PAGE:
U.S. Environmental Protection Agency (EPA) Administrator Andrew Wheeler announced an award of $3.224 million to the Arkansas Department of Agriculture’s Natural Resources Commission to protect water quality statewide. The funding will support management programs for nonpoint source (NPS) water pollution, which is caused when rainfall or snowmelt carries pollutants into rivers, lakes and other water bodies.
“This funding to the Arkansas Natural Resources Commission will improve environmental protections against nonpoint source water pollution,” said Wheeler. “Keeping this waste from making it into water bodies is difficult, but it has to be done, and EPA is happy to help Arkansas get on top of the problem.”
“EPA’s grant funding will help protect vital streams and habitats while ensuring communities have cleaner water,” said Regional Administrator Ken McQueen. “We are grateful for our partnership with Arkansas and looking forward to continuing to strengthen our relationship to improve water quality.”
“Arkansas is fortunate to have an abundance of rivers, lakes, and other water bodies that contribute greatly to our state’s economy and our way of life. We appreciate the award of this funding that will be used to continue the important programs and partnerships that protect the quality of water across the state,” said Arkansas Secretary of Agriculture Wes Ward.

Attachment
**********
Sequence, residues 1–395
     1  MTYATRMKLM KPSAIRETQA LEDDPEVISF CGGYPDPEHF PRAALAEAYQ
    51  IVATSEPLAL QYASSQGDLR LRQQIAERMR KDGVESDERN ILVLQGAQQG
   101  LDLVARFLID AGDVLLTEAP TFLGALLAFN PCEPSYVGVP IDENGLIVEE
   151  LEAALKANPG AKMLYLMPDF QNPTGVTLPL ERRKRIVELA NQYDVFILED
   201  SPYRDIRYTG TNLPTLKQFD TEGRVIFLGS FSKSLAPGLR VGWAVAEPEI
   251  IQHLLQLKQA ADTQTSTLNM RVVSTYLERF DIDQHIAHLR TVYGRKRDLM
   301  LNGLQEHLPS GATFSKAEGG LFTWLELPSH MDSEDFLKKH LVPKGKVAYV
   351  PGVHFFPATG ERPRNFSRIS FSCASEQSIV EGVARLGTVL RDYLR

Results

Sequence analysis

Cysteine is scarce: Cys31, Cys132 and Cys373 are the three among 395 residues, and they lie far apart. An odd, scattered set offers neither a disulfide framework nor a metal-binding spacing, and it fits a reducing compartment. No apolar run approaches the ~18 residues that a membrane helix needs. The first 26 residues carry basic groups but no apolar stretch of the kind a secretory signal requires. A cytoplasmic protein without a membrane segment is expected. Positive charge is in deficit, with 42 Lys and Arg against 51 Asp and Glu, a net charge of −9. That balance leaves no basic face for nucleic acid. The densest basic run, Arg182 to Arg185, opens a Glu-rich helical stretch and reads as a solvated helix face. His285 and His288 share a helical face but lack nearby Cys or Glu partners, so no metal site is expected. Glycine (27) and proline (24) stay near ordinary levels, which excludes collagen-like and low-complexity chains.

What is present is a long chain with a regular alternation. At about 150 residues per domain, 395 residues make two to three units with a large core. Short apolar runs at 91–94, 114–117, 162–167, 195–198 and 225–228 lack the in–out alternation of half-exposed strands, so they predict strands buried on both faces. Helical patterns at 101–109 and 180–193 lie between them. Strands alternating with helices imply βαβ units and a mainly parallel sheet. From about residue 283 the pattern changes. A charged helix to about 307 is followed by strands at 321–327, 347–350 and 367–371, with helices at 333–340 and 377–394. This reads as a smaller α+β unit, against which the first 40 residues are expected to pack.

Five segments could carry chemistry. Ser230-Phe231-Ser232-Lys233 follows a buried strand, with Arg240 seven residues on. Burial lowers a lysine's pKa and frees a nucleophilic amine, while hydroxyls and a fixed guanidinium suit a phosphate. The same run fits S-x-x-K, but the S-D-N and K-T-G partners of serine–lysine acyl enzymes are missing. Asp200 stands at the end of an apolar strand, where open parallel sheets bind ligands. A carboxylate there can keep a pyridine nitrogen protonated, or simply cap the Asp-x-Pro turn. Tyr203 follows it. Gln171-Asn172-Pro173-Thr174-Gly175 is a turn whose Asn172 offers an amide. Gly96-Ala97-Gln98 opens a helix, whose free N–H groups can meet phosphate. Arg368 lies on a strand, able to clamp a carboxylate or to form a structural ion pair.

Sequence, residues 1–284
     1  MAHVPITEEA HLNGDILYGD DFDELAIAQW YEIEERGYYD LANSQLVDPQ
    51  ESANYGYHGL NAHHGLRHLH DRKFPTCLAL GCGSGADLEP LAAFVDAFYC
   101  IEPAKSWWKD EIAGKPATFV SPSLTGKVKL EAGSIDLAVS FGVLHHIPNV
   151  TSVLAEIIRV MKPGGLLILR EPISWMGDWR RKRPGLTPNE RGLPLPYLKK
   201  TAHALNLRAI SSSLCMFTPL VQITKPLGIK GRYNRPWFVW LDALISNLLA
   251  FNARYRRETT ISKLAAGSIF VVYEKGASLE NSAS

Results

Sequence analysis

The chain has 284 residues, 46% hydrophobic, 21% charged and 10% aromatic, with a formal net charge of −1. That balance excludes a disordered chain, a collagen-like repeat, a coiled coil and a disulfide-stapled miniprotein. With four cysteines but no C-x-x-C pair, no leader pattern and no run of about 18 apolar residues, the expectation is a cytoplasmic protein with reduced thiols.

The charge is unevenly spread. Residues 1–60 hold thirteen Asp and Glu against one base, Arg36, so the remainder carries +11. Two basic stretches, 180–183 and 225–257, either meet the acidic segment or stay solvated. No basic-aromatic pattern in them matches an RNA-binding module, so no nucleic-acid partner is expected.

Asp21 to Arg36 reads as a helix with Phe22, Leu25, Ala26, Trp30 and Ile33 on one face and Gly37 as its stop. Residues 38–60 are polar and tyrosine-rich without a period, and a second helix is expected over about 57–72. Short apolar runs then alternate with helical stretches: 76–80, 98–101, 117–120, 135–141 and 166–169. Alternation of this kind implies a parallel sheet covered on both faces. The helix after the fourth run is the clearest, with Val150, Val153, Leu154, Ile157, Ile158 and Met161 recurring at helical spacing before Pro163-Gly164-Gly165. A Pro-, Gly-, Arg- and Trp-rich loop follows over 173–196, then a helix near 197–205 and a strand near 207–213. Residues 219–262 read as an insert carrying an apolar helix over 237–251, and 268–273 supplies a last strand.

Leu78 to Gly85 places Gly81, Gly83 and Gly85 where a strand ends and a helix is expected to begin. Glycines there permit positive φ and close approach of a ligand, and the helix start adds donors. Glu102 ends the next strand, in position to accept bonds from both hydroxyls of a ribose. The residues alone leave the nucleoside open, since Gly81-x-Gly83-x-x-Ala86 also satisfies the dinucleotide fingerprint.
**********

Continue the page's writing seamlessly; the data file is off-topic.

This funding supports the state of Arkansas’ NPS pollution management program, focusing on watersheds with water quality impairments caused by polluted runoff from non-point sources. NPS implementation projects include best management practice installations for animal wastes, sediment, pesticide and fertilizer control; other structural and non-structural practices; watershed planning, monitoring, technology demonstrations; and education and outreach programs.
Unlike pollution from industrial facilities and sewage treatment plants, NPS pollution does not come from a specific place. As precipitation moves over or through the ground, it picks up debris and pollutants and deposits them into lakes, rivers, wetlands, coastal waters and groundwater. NPS pollution can include excess fertilizer, herbicides and pesticides; oil, grease, and toxic chemicals from urban runoff; sediment; drainage from abandoned mines; and bacteria and nutrients from livestock, pet waste and faulty septic systems. States report that NPS pollution is the leading remaining cause of water quality problems.